Read Luke 4:9-12
9 Then the devil took him to Jerusalem and set him on the highest ledge of the Temple. “If you really are the Son of God,” he said, “throw yourself down from here, for the scripture says, ‘He shall give his angels charge over you, to keep you’, and ‘In their hands they shall bear you up, lest you dash your foot against a stone’.”
12 To which Jesus replied, “It is also said, ‘You shall not tempt the Lord your God’.” (JBP)
When it comes to the miraculous, those who follow Jesus tend to fall into two categories. One is of those who assume the miraculous to be commonplace. Jesus did lots of miracles so we can assume his followers do likewise. The other category is of those who tend to see the miracles as belonging to that particular age, performing a particular function for that age. We should not have too many expectations of miracles today.
The truth is probably somewhere in between. Who says miracles have died out? Is not God still the same God? Do we not see signs of God’s miraculous intervention in our lives? Then again, those biblical miracles were not just brute displays of God’s power but were signposts pointing to something of his character. And by definition, miracles are not to be seen as ‘natural’. They are by nature exceptional.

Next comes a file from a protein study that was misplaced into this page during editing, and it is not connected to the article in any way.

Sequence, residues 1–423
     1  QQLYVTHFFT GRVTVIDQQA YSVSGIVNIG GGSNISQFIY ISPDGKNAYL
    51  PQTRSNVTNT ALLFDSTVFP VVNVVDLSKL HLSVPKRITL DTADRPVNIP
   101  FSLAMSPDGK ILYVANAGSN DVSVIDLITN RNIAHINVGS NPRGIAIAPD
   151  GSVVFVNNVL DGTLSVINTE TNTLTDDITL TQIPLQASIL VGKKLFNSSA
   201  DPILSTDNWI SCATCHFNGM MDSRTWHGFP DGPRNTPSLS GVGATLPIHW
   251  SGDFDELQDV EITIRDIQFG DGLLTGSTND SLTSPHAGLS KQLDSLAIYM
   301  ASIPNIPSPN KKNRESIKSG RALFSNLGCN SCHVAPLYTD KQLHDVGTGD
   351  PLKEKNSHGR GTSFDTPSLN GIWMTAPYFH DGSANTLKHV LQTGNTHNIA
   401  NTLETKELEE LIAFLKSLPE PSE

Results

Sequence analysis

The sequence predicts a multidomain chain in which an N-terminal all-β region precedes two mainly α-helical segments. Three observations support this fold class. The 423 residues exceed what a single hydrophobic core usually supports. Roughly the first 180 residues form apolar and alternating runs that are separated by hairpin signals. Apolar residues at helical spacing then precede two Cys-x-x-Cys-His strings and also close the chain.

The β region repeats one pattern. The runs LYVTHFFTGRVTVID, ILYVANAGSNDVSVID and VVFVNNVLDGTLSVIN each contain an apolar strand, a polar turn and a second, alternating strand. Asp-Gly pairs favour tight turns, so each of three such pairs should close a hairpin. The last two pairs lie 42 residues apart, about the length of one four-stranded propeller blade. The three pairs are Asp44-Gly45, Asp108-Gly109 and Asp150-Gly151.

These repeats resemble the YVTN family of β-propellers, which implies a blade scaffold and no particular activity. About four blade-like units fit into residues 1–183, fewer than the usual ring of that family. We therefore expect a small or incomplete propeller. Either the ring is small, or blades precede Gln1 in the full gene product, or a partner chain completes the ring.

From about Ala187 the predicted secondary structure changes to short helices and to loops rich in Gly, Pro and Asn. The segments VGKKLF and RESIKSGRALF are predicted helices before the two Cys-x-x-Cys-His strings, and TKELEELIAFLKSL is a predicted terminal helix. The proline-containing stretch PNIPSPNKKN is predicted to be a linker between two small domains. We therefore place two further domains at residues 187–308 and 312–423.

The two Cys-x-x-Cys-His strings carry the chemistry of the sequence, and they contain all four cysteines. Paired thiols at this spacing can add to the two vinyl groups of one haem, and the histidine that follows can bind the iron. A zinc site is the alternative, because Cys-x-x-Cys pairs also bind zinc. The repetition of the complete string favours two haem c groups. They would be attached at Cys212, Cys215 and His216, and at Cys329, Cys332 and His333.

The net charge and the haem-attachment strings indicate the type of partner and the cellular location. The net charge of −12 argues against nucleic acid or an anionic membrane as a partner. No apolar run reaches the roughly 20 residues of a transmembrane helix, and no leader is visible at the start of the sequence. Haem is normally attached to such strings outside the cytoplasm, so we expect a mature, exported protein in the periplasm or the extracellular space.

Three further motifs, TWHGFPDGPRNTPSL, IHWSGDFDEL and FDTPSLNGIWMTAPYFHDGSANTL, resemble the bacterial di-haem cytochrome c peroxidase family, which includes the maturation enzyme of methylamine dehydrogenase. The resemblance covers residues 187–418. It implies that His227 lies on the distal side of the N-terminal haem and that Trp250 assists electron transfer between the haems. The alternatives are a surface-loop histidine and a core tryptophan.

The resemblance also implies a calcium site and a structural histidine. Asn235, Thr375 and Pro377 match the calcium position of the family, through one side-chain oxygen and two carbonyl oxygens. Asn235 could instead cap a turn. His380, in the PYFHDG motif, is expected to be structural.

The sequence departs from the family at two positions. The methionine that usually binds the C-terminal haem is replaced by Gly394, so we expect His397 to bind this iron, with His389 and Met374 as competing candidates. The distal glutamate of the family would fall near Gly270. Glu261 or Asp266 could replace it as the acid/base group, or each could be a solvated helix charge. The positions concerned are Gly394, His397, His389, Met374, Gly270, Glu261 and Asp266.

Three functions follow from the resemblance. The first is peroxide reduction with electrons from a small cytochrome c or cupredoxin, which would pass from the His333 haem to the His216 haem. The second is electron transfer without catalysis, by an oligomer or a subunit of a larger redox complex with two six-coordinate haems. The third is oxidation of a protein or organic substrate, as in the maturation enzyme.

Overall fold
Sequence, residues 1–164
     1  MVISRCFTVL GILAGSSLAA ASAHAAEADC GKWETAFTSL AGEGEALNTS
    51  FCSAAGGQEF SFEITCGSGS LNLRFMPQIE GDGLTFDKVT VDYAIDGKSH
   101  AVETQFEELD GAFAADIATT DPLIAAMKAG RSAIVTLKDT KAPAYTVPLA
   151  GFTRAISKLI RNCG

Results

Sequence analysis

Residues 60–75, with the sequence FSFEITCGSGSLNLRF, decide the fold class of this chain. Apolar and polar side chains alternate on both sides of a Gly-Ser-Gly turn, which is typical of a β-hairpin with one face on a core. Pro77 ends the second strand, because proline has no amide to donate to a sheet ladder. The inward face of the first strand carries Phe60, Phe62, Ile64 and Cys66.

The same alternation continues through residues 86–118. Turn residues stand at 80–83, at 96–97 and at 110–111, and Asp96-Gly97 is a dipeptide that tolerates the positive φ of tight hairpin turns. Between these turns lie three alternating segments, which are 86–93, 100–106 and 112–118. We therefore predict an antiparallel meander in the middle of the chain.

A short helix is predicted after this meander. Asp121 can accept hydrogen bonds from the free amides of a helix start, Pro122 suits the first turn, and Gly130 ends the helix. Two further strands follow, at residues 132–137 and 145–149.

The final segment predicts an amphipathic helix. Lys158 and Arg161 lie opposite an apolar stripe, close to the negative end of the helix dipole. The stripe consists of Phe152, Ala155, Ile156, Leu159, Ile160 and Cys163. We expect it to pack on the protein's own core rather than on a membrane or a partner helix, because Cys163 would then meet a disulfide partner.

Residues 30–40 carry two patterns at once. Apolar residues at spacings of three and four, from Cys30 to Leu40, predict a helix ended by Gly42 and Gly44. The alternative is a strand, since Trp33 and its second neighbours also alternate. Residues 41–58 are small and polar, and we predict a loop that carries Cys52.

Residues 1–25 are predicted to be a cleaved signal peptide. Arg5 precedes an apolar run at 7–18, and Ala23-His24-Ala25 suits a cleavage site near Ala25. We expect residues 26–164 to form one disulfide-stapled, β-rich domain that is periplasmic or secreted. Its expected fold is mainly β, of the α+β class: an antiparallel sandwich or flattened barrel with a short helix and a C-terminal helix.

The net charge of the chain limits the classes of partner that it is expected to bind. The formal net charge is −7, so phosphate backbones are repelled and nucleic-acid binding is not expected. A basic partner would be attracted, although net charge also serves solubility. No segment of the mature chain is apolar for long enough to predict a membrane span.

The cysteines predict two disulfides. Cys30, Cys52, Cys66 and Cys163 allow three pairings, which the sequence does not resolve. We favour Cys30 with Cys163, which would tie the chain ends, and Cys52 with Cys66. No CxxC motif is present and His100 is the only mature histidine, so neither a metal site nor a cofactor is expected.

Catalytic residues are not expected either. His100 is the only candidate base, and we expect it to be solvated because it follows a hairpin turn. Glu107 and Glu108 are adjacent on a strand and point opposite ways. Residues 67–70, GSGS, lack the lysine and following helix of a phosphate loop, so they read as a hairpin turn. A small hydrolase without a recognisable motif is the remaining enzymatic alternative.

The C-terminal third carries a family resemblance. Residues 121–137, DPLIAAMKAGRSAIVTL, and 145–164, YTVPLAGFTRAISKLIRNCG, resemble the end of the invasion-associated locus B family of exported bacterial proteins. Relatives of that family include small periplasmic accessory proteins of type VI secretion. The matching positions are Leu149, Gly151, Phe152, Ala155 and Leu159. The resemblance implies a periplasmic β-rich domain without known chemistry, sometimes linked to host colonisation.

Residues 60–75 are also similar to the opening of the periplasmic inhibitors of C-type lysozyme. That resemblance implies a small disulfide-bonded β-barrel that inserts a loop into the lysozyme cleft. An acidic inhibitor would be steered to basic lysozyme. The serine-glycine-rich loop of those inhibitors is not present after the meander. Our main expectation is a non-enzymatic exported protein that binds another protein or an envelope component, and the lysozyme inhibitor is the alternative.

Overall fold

Jesus was tempted to be a miracle-working Messiah. And indeed he did work miracles. But they always had a point. Miracles were never the means by which he got out of a tight spot or by which he got back at those who hurt him. He chose to stay on the cross and not demand a God-ordained miracle to rescue him.
Jesus did work miracles. We can expect some along the way too. But Jesus was never a ‘miracle-on-demand’ Messiah and nor should we demand miracles. Believe God can perform them, but leave him to choose the means. Let God be God.